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Sparks v. Hooper

United States District Court, S.D. Ohio, Eastern Division

April 7, 2017

JUDGE JEFFREY HOOPER, et al., Defendants.

          Jolson Magistrate Judge.




         Plaintiff, William Sparks, an Ohio resident who is proceeding without the assistance of counsel, brings this action against Muskingum County Court of Common Pleas Judge Jeffrey Hooper and three unnamed bailiffs presumably from the Muskingum County Court of Common Pleas. This matter is before the undersigned for consideration of Plaintiff's Motion for Leave to Proceed in forma pauperis (Doc. 1) and the initial screen of Plaintiff's Complaint under 28 U.S.C. § 1915(e)(2).

         Plaintiff's request to proceed in forma pauperis is GRANTED. All judicial officers who render services in this action shall do so as if the costs had been prepaid. 28 U.S.C . § 1915(a). Furthermore, having performed an initial screen, for the reasons that follow, it is RECOMMENDED that the Court DISMISS Plaintiff's claims.


         Because Plaintiff is proceeding in forma pauperis, the Court must dismiss the Complaint, or any portion of it, that is frivolous, malicious, fails to state a claim upon which relief can be granted, or seeks monetary relief from a defendant who is immune from such relief. 28 U.S.C. § 1915(e)(2). Rule 8(a)(2) of the Federal Rules of Civil Procedure requires a complaint to set forth “a short and plain statement of the claim showing that the pleader is entitled to relief.” In reviewing the Complaint, the Court must construe it in favor of Plaintiff, accept all well-pleaded factual allegations as true, and evaluate whether it contains “enough facts to state a claim to relief that is plausible on its face.” Bell Atl. Corp. v. Twombly, 550 U.S. 544, 570 (2007). “A claim has facial plausibility when the plaintiff pleads factual content that allows the court to draw the reasonable inference that the defendant is liable for the misconduct alleged.” Ashcroft v. Iqbal, 556 U.S. 662, 678 (2009) (citing Twombly, 550 U.S. at 556). On the other hand, a complaint that consists of “labels and conclusions” or “a formulaic recitation of the elements of a cause of action” is insufficient. Id. (quoting Twombly, 550 U.S. at 555). Although pro se complaints are to be construed liberally, Haines v. Kerner, 404 U.S. 519, 520 (1972), “basic pleading essentials” are still required. Wells v. Brown, 891 F.2d 591, 594 (6th Cir. 1989).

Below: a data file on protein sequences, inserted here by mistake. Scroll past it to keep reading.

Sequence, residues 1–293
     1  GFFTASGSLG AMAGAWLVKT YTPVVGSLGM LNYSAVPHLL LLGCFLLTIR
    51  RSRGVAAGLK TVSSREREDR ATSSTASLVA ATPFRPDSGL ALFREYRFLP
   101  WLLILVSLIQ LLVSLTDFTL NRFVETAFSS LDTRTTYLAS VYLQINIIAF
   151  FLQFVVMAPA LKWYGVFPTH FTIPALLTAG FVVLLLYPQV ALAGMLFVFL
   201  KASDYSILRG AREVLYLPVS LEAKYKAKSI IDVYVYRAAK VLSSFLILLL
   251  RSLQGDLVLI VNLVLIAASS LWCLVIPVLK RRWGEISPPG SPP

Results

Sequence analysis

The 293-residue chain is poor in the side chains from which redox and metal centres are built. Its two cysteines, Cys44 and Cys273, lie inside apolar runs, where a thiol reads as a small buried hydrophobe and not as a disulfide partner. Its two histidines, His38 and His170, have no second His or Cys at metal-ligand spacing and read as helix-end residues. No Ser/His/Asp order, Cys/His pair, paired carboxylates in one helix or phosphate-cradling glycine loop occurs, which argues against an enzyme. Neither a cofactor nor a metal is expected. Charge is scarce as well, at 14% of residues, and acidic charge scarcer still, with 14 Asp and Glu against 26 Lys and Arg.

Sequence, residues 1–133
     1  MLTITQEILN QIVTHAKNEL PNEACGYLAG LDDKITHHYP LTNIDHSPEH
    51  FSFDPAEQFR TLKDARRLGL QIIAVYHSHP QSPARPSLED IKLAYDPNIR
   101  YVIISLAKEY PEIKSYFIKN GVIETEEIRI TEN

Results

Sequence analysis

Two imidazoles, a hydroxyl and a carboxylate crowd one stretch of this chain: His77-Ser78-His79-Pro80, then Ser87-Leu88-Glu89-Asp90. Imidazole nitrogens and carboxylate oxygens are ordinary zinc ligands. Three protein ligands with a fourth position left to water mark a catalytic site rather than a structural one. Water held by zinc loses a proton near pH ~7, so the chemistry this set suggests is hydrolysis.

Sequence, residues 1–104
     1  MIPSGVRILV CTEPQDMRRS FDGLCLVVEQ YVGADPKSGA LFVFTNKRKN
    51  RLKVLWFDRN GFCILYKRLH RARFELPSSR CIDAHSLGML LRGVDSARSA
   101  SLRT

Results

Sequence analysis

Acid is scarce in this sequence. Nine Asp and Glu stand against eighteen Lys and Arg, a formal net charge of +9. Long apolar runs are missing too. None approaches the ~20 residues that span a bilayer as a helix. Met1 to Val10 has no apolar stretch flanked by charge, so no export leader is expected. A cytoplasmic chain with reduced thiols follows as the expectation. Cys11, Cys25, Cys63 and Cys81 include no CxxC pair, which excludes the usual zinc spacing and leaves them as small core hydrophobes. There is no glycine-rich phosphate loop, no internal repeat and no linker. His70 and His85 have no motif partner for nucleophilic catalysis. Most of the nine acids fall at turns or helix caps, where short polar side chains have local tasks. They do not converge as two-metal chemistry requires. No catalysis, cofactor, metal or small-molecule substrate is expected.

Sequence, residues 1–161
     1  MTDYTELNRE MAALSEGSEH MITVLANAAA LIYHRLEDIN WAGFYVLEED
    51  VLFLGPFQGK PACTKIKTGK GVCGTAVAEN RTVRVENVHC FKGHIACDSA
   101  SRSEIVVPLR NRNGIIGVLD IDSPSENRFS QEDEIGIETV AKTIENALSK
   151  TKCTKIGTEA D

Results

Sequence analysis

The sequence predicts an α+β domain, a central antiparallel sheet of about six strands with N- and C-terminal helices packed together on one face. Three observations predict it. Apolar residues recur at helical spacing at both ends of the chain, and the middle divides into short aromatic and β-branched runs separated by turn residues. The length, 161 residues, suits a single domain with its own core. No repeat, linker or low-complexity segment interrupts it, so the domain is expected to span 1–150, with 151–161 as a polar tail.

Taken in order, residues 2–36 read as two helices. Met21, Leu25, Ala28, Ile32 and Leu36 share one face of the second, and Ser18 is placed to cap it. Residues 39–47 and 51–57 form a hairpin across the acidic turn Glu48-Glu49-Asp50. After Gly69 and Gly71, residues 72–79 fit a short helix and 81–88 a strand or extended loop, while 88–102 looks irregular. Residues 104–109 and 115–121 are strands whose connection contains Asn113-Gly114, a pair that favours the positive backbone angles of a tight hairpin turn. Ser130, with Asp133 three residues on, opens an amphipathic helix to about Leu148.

Plaintiff filed the instant case under 42 U.S.C. § 1983, alleging that Muskingum County Domestic Relations Judge Jeffrey Hooper and three bailiffs deprived him of his due process rights during a domestic relations proceeding. (See Doc. 1-2). Plaintiff alleges generally that he never agreed to pay child support but was nevertheless was required to pay it, and he was laughed at and ignored. (Id., PAGEID #: 7). With respect to Judge Hooper, Plaintiff alleges that he “refused to comply or show proof of any agreement” to pay child support, forced court dates to proceed despite Plaintiff having no witnesses, and refused to allow Plaintiff to enter evidence and follow the law. (Id.). As to the three bailiffs, Plaintiff alleges they “barked” him out of the building, called him names, misled him concerning relevant paperwork, laughed at him, told him to leave, and refused to allow him to enter items into evidence. (Id.). Indeed, Plaintiff goes so far as to allege that one of the bailiffs assaulted him physically in Judge Hooper's courtroom. (Id.).